It is a misperception that servicemembers cannot fight or challenge a positive urinalysis, which is largely perpetuated by commands who try to convince the suspect servicemember that they have no hope of winning at a court-martial. This is simply not true. At MJA, we have used many different defenses to convince a jury (member panel) that there was reasonable doubt as to the unlawfulness of the drug use, such as good military character, unknowing ingestion, timeline, lack of motive, testing limitations, and urine collection procedures. Furthermore, many of these defenses can be used in conjunction with each other to make the defense theory of the case that much more compelling to the jury. At MJA, we have fought and won many drug abuse cases for our clients throughout the world. In the past year, we have won at courts-martial or administrative hearings at Joint Base Charleston, Marine Corps Recruiting Depot Parris Island, Camp Pendleton, Fort Bragg, and Camp Lejeune.
Although every drug abuse case is different, it is also important to know that it is never easy for the prosecution to prove beyond a reasonable doubt that the suspect servicemember intentionally or knowingly ingested the controlled substance. For instance, in a recent Marine Corps case, our client had popped for amphetamines, a Class II Controlled Substance, on a urinalysis. He had never been in trouble with law enforcement or his command; was sick in his quarters for four days leading up to him providing his urine; and, the prosecutions had no theory as to how, when, or where the amphetamine was consumed, or put on any evidence as to whether the servicemember knowingly ingested the drug. We were not surprised that the jury came back in less than 60 minutes with a not guilty verdict.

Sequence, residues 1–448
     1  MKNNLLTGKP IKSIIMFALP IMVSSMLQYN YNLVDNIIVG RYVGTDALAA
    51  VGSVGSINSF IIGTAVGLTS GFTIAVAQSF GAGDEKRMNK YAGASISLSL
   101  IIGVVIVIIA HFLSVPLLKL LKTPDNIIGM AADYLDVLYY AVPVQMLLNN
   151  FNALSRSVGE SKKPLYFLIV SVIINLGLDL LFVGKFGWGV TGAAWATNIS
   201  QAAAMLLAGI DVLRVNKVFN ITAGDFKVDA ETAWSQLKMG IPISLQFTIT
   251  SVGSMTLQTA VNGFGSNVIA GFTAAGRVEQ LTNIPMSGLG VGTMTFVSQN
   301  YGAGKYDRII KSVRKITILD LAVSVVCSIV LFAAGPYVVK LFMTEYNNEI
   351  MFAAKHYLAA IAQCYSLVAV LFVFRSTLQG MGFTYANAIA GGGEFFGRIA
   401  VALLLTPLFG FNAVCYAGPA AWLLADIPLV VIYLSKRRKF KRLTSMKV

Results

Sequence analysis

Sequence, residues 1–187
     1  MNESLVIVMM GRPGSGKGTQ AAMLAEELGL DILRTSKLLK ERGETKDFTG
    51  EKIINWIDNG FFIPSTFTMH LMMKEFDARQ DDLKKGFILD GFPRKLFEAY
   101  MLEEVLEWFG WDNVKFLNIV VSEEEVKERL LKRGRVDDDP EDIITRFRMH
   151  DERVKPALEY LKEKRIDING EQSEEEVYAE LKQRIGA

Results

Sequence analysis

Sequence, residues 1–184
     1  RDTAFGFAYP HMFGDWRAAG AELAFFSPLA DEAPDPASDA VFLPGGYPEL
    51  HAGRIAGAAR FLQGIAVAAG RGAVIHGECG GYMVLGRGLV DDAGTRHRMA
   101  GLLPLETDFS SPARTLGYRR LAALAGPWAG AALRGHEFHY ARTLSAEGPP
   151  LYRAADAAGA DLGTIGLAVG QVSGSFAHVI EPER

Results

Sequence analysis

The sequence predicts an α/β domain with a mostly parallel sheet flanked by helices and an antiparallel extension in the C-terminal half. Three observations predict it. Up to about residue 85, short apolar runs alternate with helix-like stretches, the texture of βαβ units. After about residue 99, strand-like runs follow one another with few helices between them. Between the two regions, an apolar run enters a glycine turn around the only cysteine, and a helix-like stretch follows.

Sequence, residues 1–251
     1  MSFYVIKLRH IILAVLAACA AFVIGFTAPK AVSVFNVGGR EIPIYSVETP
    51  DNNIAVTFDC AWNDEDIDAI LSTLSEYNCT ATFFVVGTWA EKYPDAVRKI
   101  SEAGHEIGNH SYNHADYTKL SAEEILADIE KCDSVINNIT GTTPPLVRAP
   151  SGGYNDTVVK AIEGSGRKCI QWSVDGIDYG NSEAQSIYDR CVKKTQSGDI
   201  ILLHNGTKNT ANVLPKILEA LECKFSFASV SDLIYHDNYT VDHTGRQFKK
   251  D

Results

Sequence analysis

Although the military has a zero tolerance policy with drug abuse allegations, the servicemember should not give up hope, and fall on their sword. At MJA, we give daily consultations to servicemembers who are suspected of unlawful drug use, and a common refrain we hear from these servicemembers is that they have been told there is no hope so accept accountability and maybe the punishment will be less. If you are suspected of drug abuse based off of a positive urinalysis you should always ask yourself whether you can plead guilty to something you know you did not do. If you are not comfortable pleading guilty, then you need to retain the best military defense lawyer you can to fight shoulder-to-shoulder with you throughout the process.
We would be honored to serve as your advocate and partner during the period of your military legal process. Please get in touch and arrange your free initial consultation.